15. You could have a run of nice color decals made and fire them onto the white sake cups for them - that might be a nice treat since they bought them already EDIT: BTW - our "guestbook" was three 24" thrown platters that a fellow ceramic artist made for us. Everyone signed with a Pebeo Porcelaine china pen, which got sintered on in the kiln at like 500* -- pretty durable "ink" Also, something I saw recently at my wife's cousin's wedding that seemed cool -- they had a 1yr anniversary time capsule box; guests wrote best wishes and comments, etc and put it inside like a suggestion box, not to be read until a year later. Thought that maybe doing this out of clay for someone might be fun - that way it cannot be opened early unless you break it open like a piggy bank (maybe weaken some key areas on the inside of the form to break out easily so it's not completely destroyed)
  16. You shouldn't need kiln wash on the floor, because you should never be firing pots on the floor. Put a shelf down there, about an inch up. Broken kilns shelves are good for posts there. Sounds like you don't have multiple operators using your equipment If it were just me using the equipment I could get away with nothing, but with undergraduates who simply don't care about something they don't own personally, I've gotta do as much as possible to prevent little disasters
  17. Cool idea! My wife made me do pretty much the same thing for our wedding - make lots of extras! Ours were simple small teacup/shot glasses/salt cups thrown off the hump, no trimming, all glazed a ^6 lime green to match the purple and green color theme of the wedding. On the bottoms we made a new signature with both our initials and the wedding date. Since we were purple and green themed, I ordered a case of purple tulip bulbs to spread out on the table among the green cups and other centerpiece items. It looked good and to this day guests still comment ours was one of the best weddings they've ever been to and they definitely still ask me about the cups and say their flowers are still growing. Even though it's not "difficult" to crank out these cups, it sure does make a lasting impression it seems.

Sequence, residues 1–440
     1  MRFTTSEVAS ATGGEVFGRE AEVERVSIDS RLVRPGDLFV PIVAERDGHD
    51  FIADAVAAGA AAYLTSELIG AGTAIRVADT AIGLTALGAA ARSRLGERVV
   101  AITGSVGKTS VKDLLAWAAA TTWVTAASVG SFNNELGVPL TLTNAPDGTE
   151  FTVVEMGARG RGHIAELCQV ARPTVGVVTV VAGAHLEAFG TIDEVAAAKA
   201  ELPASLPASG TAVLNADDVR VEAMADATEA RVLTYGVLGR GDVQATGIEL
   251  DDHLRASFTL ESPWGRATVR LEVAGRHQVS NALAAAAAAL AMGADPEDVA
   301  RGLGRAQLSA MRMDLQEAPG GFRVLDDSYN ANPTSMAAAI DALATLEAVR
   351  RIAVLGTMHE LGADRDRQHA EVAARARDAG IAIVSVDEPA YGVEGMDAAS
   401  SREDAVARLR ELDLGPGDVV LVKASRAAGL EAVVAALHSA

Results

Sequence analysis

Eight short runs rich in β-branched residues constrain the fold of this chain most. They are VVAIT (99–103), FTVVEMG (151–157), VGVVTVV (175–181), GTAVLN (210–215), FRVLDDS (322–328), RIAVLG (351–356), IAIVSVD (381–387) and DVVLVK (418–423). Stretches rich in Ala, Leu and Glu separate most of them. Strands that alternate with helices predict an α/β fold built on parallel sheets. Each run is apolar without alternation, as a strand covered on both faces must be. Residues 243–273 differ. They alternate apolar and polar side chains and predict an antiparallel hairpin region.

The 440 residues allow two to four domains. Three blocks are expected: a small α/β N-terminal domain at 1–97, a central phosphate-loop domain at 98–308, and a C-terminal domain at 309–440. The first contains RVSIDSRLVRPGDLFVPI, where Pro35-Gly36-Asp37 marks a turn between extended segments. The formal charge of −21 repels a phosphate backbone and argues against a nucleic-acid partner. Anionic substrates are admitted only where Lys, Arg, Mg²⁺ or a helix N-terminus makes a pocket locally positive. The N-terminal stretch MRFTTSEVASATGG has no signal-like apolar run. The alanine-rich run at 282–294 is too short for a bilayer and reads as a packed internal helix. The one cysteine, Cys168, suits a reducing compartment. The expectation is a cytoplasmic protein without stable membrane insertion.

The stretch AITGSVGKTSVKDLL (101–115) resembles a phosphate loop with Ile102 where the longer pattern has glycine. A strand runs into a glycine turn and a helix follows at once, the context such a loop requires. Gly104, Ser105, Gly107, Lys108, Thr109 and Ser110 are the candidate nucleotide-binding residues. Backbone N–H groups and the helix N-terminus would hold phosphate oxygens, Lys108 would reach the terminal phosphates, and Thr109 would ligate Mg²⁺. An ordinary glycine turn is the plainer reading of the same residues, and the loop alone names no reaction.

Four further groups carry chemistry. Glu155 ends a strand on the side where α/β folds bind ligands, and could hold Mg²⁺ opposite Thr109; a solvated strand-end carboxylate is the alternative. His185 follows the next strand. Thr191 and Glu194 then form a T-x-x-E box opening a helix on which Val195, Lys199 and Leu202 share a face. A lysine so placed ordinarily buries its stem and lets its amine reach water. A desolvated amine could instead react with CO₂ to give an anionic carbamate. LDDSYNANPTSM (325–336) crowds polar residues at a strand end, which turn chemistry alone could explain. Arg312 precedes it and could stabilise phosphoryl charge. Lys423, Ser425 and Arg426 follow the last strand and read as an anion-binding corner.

18. I dunno where you saw that her kiln was having issues....I merely mentioned her observation and the reasoning for not choosing the L&L again. She fires A LOT and I suppose when you observe for a few years, side by side firings between different brands of basically the same thing, you may develop a preference at some point. Like said, you can't argue with results. Personally I'd consider getting an L&L because I'm curious about the element holders as I've no personal experience with them - but they look cool! But seriously though, I see most arguments about L&L favoring the holders, nothing else about the equipment really -- So with that I'd ask how often you actually plan on swapping elements based on your experience? I'm the one who works on my kilns and I don't really need to change them very often at all, they last about 100 firings for us. If anything, I'd say most of my elements fail because someone will eventually get glaze on it before their life is up, happens 90% of the time on the bottom two rings....and if they're managing to get glaze on the elements higher up than the bottom ring, then I'd seriously question the element holders because they'd get glaze all over them and we'd have a problem and the benefits would be a wash.